Twentieth Century Neighborhood Planning Initiative seeks to return
successful early town and neighborhood planning techniques to the
development of modern towns and new neighborhoods. By focusing on the
work of American planners like John Nolen and the Olmsteds, this
initiative emphasizes the importance of providing public open space in
compact, walkable communities. One product of this ongoing initiative is
the publication of the book, Civic By Design: John Nolen's Lessons and
the New Urbanism, written by Low with Thomas Hanchett. One example of
the inspiration found in Nolen's work is the pinwheel square
incorporated into Vermillion, a DPZ Charlotte project in Huntersville,
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Light Imprint is a planning and development strategy that emphasizes sustainability, pedestrian-oriented design, and infrastructure efficiency in the creation of compact, mixed-use communities. At the same time, the approach reduces the infrastructure costs of a community. Light Imprint introduces transect-based environmental methods as part of a stormwater management system. It has a tool box of techniques to handle stormwater, an environmental challenge that plays a major role in shaping cities and towns.
DPZ Charlotte created Light Imprint while working on the plan for Griffin Park in South Carolina. The idea was to provide the developer an alternative to the expensive conventionally engineered methods of collecting and disposing of stormwater. In the comparison, the Light Imprint method provides a 31% cost savings over the conventional methods and infrastructure.
Elaborating on this sustainable approach to urbanism, a group of urban designers, passionate about sustainability, published the Light Imprint Handbook: Integrating Sustainability and Community Design (version 1.3) in 2008. Working at DPZ Charlotte, the Light Imprint team created a matrix of more than sixty tools. Used collectively at the sector, neighborhood, and block scale, these tools provide techniques for paving streets and walkways, channeling and storing water, and filtering surface runoff before release into the underground waster table. When done thoughtfully, this seemingly mundane stormwater management not only improves the environment, but also can make neighborhoods more beautiful and livable.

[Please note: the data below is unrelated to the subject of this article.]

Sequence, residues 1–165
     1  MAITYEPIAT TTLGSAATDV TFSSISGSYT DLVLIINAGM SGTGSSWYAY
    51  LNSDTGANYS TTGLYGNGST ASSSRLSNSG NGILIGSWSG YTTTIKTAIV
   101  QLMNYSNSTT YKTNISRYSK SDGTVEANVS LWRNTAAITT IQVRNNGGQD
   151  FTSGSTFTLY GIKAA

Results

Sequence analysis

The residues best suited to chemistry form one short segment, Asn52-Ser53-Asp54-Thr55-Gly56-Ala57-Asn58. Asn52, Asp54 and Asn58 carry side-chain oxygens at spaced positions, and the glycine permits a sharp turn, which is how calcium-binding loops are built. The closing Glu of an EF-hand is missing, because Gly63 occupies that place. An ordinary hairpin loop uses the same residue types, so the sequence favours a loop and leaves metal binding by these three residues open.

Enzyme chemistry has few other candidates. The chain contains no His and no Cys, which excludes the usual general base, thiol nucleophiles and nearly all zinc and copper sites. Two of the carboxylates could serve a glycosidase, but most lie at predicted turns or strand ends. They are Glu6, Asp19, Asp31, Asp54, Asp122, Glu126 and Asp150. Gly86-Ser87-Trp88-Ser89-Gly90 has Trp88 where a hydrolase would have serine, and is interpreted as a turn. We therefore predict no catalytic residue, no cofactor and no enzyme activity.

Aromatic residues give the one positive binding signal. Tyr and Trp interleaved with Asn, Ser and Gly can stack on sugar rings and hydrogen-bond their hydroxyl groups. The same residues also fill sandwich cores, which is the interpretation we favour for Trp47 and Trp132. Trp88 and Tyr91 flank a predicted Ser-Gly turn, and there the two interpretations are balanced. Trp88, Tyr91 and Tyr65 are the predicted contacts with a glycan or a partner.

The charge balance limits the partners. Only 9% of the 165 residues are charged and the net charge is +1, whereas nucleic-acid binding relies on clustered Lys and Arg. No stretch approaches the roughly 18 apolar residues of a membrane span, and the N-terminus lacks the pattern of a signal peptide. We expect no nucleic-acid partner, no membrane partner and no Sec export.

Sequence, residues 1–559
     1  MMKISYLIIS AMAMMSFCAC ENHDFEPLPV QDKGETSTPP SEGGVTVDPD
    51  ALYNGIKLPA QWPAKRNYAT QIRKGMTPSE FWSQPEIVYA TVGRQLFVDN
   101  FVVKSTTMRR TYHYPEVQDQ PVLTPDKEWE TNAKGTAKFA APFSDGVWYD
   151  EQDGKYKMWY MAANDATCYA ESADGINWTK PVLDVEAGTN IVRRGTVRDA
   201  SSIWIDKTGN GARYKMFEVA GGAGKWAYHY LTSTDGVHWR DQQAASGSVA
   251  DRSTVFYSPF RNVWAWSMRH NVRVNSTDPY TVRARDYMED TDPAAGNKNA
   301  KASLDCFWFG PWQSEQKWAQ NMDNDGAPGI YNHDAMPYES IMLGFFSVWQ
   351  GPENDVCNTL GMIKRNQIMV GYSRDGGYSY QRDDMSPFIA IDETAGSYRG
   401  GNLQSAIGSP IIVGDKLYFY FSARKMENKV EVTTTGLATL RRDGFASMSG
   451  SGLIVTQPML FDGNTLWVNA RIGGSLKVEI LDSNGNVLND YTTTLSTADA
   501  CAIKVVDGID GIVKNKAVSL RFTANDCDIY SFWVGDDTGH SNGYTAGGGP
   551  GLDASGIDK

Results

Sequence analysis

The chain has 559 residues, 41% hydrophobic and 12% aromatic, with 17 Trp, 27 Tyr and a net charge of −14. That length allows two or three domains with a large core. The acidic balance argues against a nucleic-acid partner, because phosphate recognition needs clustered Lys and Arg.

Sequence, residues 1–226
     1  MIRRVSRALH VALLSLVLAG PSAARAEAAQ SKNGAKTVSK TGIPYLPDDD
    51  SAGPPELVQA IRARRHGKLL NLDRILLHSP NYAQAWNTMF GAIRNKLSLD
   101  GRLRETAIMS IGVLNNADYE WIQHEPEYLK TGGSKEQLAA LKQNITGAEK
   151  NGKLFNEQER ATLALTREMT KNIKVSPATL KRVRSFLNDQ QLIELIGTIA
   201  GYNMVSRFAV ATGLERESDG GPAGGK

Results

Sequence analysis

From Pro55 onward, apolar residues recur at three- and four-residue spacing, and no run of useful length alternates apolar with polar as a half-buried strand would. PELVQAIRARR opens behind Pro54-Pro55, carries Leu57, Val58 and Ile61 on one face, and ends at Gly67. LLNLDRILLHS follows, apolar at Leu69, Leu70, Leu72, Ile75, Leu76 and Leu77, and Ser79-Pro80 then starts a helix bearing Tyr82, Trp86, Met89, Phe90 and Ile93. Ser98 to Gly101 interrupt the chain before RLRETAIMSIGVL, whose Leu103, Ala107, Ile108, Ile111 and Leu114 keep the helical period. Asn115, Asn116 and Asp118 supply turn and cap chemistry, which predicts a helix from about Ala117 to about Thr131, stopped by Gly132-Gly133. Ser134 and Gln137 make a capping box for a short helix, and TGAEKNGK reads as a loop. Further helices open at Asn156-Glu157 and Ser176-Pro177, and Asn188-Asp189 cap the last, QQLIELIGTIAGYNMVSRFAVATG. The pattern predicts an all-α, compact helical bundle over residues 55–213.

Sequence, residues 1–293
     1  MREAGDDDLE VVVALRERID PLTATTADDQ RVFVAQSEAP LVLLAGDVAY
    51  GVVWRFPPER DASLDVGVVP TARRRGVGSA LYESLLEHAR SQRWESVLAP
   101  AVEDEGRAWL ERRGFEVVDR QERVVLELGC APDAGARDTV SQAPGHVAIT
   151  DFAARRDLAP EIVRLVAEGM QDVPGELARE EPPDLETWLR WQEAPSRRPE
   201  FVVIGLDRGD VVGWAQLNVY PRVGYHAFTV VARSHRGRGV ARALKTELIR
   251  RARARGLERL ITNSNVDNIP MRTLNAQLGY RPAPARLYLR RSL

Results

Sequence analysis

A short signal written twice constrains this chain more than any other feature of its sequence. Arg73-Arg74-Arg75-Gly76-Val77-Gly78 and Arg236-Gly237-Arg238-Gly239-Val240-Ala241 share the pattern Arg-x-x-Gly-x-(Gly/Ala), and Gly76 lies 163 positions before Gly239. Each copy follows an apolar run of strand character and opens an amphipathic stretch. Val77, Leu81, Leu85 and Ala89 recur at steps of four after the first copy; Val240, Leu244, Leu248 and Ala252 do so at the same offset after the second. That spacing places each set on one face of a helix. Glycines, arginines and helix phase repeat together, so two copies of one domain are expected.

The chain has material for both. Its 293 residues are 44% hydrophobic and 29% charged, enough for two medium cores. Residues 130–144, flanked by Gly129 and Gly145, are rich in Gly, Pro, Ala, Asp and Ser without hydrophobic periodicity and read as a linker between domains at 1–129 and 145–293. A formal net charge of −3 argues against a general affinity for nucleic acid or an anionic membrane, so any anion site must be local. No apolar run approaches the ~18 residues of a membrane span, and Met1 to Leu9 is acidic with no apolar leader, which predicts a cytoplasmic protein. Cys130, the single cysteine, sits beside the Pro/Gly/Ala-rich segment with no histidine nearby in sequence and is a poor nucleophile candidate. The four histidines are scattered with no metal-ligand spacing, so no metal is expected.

We are available to conduct workshops that teach Light Imprint to architects, landscape architects, civil engineers, planners, and community stakeholders. Workshops have been held in different parts of the United States. Most workshops include working sessions that give attendees the opportunity to draw a Light Imprint overlay on a project.
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An initiative to provide Katrina-inspired Learning Cottages as an alternative to mobile trailer-style classrooms was launched by the Civic By Design Forum in Charlotte, North Carolina. The Learning Cottage concept developed as a result of informal discussions with concerned citizens following a Civic by Design Forum presentation on the Katrina Cottage (a permanent housing structure designed to offer a dignified alternative to FEMA trailers).
Learning Cottages are flexible, aesthetically pleasing, and cost-effective buildings that meet the ever increasing demand for additional school classrooms. Duany Plater-Zyberk & Company’s (DPZ) Charlotte office spearheaded the Learning Cottage initiative to develop the concept with a team of volunteers. The three Learning Cottage concepts, which range from coastal to traditional to modern, were designed by the Charlotte office. The concept includes floor plans and elevations for the three different Learning Cottage prototypes as well as a basic aesthetic code. Both one-story and two-story classroom cottages have been designed; both are designed to be ADA compliant. Additional concepts developed include larger buildings to serve as gymnasiums, cafeterias, auditoriums, libraries, and administrative offices.
If built with panelized construction techniques, these attractive, permanent structures can be built for approximately half the per-square-foot cost of typical school buildings. Since Learning Cottages can be quickly constructed onsite, they can provide additional classroom space when needed or replacement classrooms for outdated buildings or mobile trailer units.
When several Learning Cottages are built on a central location in a traditional neighborhood, they can form a school campus within walking distance of nearby children. The layout follows the classic American campus plan with buildings forming quadrangles around green open space.
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Inspired by the Slow Food movement, DPZ Charlotte head
Tom Low is promoting Slow Urbanism.
Slow Urbanism encourages people to create whole neighborhoods; to celebrate local community
building traditions; and to take timethis is the important (and fun part)to
enjoy community life with family and friends. The Slow Urbanism motto is "Make Haste Slowly."
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